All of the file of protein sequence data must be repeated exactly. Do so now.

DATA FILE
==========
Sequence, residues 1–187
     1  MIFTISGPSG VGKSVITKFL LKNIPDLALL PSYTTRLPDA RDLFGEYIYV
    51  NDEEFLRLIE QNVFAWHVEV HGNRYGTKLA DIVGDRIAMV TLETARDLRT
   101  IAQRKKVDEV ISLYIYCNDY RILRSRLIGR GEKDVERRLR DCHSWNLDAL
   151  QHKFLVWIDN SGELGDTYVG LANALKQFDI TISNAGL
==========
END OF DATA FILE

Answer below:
Sequence, residues 1–187
     1  MIFTISGPSG VGKSVITKFL LKNIPDLALL PSYTTRLPDA RDLFGEYIYV
    51  NDEEFLRLIE QNVFAWHVEV HGNRYGTKLA DIVGDRIAMV TLETARDLRT
   101  IAQRKKVDEV ISLYIYCNDY RILRSRLIGR GEKDVERRLR DCHSWNLDAL
   151  QHKFLVWIDN SGELGDTYVG LANALKQFDI TISNAGL